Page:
Saturday, January 16, 2010

Chipotle-Cheddar Bread

For a first attempt at this bread, it ended up almost perfect. It went over very well overall, and the two loaves were eaten in a matter of hours. I'm already beginning to find that it's hard to test these things out and get constructive feedback besides "om nom nom!", but for the most part people said the spiciness of the bread was good but not overwhelming, and that more cream cheese might be good. The crust was my favorite part, and usually I don't like crust as much. It was crispy and crunchy, like the bottom of a pizza, or the top of a pan of baked macaroni. I ate the ends, actually, since it was more than half crust, and it was so delicious.
Each loaf was about nine inches long and gave 10-12 slices each. Obviously this isn't a vegan bread -- it has cheddar, cream cheese AND parmesan -- but I am sure it could be modified to make a really delicious vegan bread, maybe with mango chunks or tomatoes. Or both. Yum. I am also sure I could make a decent gluten-free version of it. There are a few things I might do differently next time, but I think overall this bread is really awesome and a total keeper.
It's amazing how simple the basic process of making bread is. It's less about the ingredients and more about how you go about it. Yeast is really hard to work with, but once you know the secrets, it's really easy.
To make this bread, I first took 2 C. warm water and dissolved 1 T. sugar. The warmth of the water is incredibly important. I think I might have made it too cool and as a result the yeast didn't expand as much as I would have wanted it to. A good rule of thumb is to make the water warm, but not hot -- if it's too hot for you, it's too hot for the yeast, and will kill it. But if it's not hot enough you won't get as good of a reaction, so if it's comfortably warm to the touch, it's probably a good temp for the yeast. So after dissolving the sugar I added in 1 t., or one packet, instant dry yeast, and let it sit for 5 minutes, till it was bubbly.
After that, I added 5 1/2 C. all-purpose flour. I added it gradually, one cup at a time. After adding the first cup of flour I added 1 T. salt. It is really important you add at least one cup of flour before adding the salt, because yeast doesn't like salt, and the salt will retard the yeast's expansion. Adding the flour first acts as a sort of buffer between the yeast and salt so then there's no worries about your dough blowin' up. Once the dough is pulling away from the sides of your bowl, it's time to take it out. Place it on a lightly floured surface and start kneading.
This is my favorite part. I love kneading. Although with the chipotle-cheddar bread it makes it a little more difficult, since you have to add so much stuff. I added 4 pureed chipotles first. I left the seeds in for a little extra heat. It made the bread a little slimy and took some work to get it fully incorporated into the dough, but once it was, it made the dough a pretty pinkish color. I added 1 1/2 C. cubed cheddar cheese at the same time as the chipotles, which was a mistake. The chipotles made the dough slimy and it was harder to work the cubes of cheddar in. Next time I'll add them afterwards. Next I threw in 4 oz. cream cheese and 1/2 C. shredded parmesan. Next time I will add the cream cheese very last. It incorporated a little too much. It gave the effect of having a few nice veins of cream cheese in the finished product, but I'd like that a little more. Also, the combination of the chipotles and the cream cheese made the dough very sticky and a little slimy, so I think another 1/2 cup of flour might made the dough a little more pliable.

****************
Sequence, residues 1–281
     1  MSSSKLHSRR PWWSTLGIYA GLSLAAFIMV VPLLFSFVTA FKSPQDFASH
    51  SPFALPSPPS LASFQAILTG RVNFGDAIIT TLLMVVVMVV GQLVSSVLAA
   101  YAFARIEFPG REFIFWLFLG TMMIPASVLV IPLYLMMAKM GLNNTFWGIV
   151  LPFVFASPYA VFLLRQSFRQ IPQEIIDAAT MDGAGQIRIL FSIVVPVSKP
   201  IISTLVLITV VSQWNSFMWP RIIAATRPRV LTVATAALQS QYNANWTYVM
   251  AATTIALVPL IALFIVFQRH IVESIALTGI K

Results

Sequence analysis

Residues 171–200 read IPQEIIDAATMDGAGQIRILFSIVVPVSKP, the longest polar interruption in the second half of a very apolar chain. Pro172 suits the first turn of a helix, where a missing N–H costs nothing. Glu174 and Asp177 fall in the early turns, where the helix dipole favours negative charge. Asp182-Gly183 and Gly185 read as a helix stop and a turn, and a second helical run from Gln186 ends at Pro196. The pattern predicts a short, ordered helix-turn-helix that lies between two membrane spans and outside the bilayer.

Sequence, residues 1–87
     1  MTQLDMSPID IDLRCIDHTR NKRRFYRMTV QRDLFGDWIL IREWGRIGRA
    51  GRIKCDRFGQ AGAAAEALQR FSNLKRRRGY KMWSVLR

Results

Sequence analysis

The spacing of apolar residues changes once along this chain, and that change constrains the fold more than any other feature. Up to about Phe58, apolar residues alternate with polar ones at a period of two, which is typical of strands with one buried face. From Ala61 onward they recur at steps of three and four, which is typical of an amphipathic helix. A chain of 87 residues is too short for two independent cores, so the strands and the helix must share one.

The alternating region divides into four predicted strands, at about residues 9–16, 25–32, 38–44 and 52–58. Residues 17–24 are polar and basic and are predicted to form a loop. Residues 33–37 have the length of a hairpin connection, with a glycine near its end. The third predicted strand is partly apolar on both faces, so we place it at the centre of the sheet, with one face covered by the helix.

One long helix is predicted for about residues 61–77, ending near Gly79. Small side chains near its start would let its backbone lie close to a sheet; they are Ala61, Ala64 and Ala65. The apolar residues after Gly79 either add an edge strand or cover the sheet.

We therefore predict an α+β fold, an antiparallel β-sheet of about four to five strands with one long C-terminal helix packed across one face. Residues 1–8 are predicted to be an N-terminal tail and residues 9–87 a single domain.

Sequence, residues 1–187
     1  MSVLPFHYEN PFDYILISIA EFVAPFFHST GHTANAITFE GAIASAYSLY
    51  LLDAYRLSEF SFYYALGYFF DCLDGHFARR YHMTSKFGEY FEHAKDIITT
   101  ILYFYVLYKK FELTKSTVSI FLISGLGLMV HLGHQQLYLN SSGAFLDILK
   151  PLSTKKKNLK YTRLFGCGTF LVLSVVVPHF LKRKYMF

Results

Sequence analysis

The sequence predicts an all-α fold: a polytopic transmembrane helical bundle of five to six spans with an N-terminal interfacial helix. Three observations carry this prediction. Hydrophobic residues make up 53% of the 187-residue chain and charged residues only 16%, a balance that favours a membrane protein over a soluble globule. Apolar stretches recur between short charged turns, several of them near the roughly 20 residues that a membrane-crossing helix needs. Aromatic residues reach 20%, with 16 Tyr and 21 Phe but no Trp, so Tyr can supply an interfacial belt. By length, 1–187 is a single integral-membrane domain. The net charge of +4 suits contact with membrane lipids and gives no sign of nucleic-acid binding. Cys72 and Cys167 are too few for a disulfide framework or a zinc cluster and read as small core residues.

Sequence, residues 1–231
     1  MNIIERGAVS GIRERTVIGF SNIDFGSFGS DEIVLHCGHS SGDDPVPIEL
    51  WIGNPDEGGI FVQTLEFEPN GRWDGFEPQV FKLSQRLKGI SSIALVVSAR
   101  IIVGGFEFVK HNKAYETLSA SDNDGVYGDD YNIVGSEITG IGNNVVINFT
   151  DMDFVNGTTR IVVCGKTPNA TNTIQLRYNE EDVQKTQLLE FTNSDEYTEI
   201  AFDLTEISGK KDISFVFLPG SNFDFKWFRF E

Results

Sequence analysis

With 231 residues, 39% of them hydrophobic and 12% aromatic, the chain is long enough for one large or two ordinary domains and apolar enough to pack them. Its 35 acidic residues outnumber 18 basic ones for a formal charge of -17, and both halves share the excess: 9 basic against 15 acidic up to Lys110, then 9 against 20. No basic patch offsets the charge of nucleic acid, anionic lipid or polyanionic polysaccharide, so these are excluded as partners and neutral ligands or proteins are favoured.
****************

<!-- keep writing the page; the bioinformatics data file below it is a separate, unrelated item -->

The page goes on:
I let the dough rest and greased up a bowl. I kneaded the dough a few more minutes and then let it sit in the bowl over the warm stove for an hour and a half. It didn't rise as much as I would have wanted, but I think it's a combination of the cold, dry environment and the fact that the water the yeast dissolved in wasn't warm enough. After that I punched the dough down (very satisfying) and let it sit another half hour. I divided it in half and put it in two loaf pans to rise for another 45 minutes, and it looked awesome pre-baking.
I set the oven to 450 degrees and put the loaves in. I forgot to slash the tops before putting them in and did it 5 minutes into the baking, so the slashes don't look as awesome as they should. I also didn't mist or wash the tops of the loaves with water, butter or oil, which I will do next time to make it really soft.
Overall it was pretty time-consuming, but in a bakery setting the rising can be reduced with the purchase of proofers.

Next up: Pear-Cranberry pie!

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